State University Libraries
INTERNET SEARCH TOOLS
as used here, refers to online tools used to locate and create
listings of Internet sites. These tools help researchers find
information that is not in subscription databases, behind firewalls,
or in other unattainable areas of the Internet. At times, the
information will be free. However, in many instances, the information
is only available for a fee.
Internet search tools come in five primary forms: search engines,
meta search tools, directories, pathfinders/research guides, and searchable
Engines use computer programs called
"spiders" or "robots" to compile Internet
pages and then scan these pages when users enter search terms
in the search engine. Each search engine only scans the pages
it has compiled, not the entire Internet. Therefore, it is always
a good idea to use more than one search engine when looking
for information on the Internet.
Most search engines offer "advanced search" or "guided
search" interfaces that let users search by phrase, combine
searches, limit searches, etc. Therefore, they help searchers
locate more relevant information.
However, given the number of pages on the Internet (over a billion
and growing), search results lists are often quite long, which
decreases research efficiency. Also, search engines do not necessarily
list search results starting with the best ones. Many different
guidelines come into play when search results are listed--including
paid placement and paid inclusion. Examples of search engines
Other search engines like Excite,
Google, and Yahoo
offer the combined features of search engines and directories
simultaneously search the sites compiled by several search engines, which can save you time when conducting searches that require broad coverage. However, meta search tools usually offer limited control over search options and may not search as thoroughly as using individual search engines would. Examples of meta search tools are MetaCrawler, Dogpile, KillerInfo, and Ixquick.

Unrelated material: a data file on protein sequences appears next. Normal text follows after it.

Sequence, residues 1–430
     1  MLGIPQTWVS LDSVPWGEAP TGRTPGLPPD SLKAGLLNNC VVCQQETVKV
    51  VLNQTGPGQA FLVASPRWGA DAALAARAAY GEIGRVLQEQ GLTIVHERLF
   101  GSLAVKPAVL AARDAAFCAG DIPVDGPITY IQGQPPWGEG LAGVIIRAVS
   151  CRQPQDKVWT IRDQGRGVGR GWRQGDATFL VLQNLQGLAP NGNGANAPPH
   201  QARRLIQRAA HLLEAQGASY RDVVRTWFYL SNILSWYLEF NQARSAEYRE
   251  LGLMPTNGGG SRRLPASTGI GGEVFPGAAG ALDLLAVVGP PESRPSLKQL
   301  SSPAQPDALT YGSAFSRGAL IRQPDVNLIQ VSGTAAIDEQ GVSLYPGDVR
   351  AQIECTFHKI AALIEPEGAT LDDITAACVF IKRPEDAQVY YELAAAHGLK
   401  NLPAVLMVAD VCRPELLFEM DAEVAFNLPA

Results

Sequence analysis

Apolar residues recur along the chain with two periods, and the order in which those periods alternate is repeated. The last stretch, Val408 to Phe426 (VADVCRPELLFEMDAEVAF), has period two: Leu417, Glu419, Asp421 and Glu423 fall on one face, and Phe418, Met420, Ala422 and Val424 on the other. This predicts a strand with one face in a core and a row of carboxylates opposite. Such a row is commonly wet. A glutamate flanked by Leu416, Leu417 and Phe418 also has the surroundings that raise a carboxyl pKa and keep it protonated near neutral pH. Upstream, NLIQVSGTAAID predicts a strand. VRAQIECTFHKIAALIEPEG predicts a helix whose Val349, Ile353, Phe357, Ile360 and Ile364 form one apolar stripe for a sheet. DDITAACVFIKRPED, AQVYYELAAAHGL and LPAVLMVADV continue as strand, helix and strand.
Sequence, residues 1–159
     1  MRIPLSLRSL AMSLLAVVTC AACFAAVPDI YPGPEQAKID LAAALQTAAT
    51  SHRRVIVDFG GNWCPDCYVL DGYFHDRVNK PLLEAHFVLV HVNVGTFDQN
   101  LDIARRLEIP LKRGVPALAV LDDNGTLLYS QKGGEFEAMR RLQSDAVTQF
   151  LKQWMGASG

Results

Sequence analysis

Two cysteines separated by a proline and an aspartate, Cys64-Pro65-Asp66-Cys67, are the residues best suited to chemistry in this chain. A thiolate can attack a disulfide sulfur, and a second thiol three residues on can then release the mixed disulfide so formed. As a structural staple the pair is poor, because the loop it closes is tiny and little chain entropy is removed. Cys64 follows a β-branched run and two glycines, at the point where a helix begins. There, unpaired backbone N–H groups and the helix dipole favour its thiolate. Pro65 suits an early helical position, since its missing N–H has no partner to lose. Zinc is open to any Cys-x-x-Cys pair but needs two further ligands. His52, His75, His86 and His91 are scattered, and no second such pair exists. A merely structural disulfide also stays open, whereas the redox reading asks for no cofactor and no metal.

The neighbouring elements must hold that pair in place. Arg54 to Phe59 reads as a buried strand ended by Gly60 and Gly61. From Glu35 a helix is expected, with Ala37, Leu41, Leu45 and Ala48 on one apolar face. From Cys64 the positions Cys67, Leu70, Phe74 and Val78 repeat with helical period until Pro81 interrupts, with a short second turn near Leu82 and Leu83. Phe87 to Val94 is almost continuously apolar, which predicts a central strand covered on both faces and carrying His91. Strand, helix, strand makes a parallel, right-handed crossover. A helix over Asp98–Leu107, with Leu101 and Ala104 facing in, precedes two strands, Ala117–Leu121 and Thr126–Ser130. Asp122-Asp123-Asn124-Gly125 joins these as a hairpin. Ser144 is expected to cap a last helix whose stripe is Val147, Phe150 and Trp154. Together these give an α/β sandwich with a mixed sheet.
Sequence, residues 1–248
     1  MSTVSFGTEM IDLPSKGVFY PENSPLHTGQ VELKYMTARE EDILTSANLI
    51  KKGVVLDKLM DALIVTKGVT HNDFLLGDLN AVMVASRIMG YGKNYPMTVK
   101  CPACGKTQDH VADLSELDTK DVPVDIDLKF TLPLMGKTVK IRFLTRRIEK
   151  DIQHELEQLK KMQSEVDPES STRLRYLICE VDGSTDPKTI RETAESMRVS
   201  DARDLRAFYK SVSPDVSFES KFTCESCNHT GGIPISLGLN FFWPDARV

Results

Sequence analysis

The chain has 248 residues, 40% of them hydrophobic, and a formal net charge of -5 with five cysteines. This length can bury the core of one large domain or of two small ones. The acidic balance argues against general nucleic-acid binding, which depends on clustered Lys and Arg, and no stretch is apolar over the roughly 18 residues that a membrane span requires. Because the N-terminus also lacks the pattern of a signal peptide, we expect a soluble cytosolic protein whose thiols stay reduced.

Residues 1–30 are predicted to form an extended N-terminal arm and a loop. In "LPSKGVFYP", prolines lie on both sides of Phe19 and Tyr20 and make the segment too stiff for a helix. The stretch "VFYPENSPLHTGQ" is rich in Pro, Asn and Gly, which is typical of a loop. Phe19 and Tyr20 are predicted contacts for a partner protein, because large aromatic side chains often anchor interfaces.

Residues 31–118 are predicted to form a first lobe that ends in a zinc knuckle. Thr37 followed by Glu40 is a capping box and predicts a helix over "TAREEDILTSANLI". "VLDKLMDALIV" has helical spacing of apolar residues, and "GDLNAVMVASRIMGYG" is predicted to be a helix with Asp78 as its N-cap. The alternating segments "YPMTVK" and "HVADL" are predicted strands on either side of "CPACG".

offer lists of Internet sites organized by subject and are created
by people who review sites to determine their worth before listing
them (or not). Directories list fewer sites about a subject
than search engines because directories are selective and the
sites have been reviewed. However, this selectivity increases
the probability that a listed site will be relevant and useful.
Directories are fairly easy to navigate. Users browse the categories
and follow links to find desired material. However, this process
can be time-consuming, and users must clearly understand where
a site might be listed in order to find it. Many directories
also offer search mechanisms to help users locate listed sites.
Example directories include Argus
Public Library, dmoz
(the Open Directory project), and The
WWW Virtual Library.
& Research Guides
are similar to directories, but are subject specific. They are
usually compiled by experts in a field or subject-specialist
librarians who search the Internet, evaluate web sites, and
compile lists for a specific field, subject, discipline, etc.
Many libraries, companies, and professional organizations offer
online pathfinders and research guides.
Example research guides are the Tarleton libraries' Human
Resource Management and Business
& Accounting guides which offer links to Tarleton library
resources (catalog and databases) and to lists of relevant Internet
can be good sources of information, but are often not found
by search engines or listed in subject directories. You can
sometimes find them while browsing the Internet. More likely,
you'll find them listed in directories of searchable databases,
such as The Invisible
Web Directory and U.S. Department of Education's Cross-Site
search tools are useful
you are brainstorming ideas for a research topic,
you need current information about companies, industries, people,
you want to locate information regarding all levels of government,
you need international information that is unavailable locally,
you want to locate online periodicals to retrieve articles (if
they are available either free or for a fee).
researchers should remember that some search engines offer "paid
placement" (determines how far up a results list a site is listed)
and that no expertise is needed to post an Internet page. Therefore
special care must be taken when evaluating information freely available
on the Internet. Unit 8 offers more in-depth information about evaluating
Library Orientation Site
Search Tools & Info Needs